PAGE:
The troubled Boeing 737 MAX’s return-to-service date remains unknown but two polls suggest the flying public has a mixed view of booking flights on the airplane. A UBS survey found as few as 3% of passengers say they’d pass on a MAX trip while a Barclay’s Bank survey said 44% of flyers would wait a year before boarding the airplane.
The UBS survey contacted 1000 U.S. residents and while 70% said they would have some hesitation about booking a flight on a MAX, two-thirds admitted they rarely check the kind of aircraft used. Only 12% of those with concerns said their worries can’t be addressed with continued safe operation of the MAX.
“The net result is the survey suggests 8% of the flying public would never fly the 737 MAX, but when coupled with booking habits also captured in the survey, the percentage drops to about 3%,” UBS says of its survey results.
The Barclay’s survey, conducted in early May 2019, found that 44% of the 1765 respondents surveyed said they would wait at least a year before booking on a MAX. About 39% said they would fly the airplane within a few months of its reentry into service. Caution is clearly not being thrown to the wind by most travelers. Only 20% said they would fly on a 737 MAX as soon as it’s back in service.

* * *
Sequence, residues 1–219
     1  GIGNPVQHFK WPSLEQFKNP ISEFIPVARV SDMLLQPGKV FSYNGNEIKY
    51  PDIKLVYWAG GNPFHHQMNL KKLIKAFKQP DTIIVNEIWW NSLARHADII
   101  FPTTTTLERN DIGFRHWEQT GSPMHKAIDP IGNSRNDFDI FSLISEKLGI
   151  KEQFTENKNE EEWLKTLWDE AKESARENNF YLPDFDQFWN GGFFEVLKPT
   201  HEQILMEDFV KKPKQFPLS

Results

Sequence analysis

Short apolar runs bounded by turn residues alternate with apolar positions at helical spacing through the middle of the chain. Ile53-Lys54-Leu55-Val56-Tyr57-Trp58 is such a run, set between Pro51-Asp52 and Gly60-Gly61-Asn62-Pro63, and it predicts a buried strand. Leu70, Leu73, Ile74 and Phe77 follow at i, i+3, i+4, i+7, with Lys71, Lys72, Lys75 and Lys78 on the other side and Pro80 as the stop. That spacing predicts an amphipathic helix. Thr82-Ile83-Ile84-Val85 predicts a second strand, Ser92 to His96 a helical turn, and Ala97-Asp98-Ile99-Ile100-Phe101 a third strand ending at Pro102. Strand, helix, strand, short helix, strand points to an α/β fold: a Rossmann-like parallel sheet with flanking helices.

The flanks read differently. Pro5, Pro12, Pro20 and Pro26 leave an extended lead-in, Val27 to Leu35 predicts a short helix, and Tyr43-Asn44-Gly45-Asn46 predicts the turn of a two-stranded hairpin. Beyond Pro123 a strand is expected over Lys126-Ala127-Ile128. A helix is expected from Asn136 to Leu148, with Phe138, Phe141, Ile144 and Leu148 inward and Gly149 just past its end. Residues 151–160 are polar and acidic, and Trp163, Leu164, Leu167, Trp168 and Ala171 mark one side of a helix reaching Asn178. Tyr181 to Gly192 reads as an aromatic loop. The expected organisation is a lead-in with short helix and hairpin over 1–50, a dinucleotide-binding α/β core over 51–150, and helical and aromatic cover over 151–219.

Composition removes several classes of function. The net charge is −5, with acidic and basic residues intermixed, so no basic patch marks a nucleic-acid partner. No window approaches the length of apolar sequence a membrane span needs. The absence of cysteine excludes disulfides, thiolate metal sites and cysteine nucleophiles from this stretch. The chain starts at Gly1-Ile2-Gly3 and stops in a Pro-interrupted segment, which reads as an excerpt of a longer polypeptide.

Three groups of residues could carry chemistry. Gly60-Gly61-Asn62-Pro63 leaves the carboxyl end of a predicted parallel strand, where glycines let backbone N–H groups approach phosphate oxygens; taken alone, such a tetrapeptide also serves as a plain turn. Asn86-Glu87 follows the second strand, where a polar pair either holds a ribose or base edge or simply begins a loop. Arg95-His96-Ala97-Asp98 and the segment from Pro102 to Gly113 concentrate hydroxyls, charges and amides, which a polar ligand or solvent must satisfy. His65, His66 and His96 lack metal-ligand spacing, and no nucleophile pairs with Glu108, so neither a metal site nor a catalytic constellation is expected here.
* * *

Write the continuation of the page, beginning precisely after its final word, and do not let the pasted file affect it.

Better news for Boeing comes from a Reuters/Ipsos poll in mid-May that found that only about half of U.S. adults say they’re familiar with the Indonesia and Ethiopia MAX crashes and only 43% could identify the 737 MAX as the airplane involved.
That poll also found that 3% said the aircraft maker or model was the most important thing to them when buying a ticket, while some 57% said ticket price was most important.
Meanwhile, although it remains in the positive for 2019, Boeing’s stock price has yet to recover from its $440.62 high in March. It closed at $344.62 on Tuesday.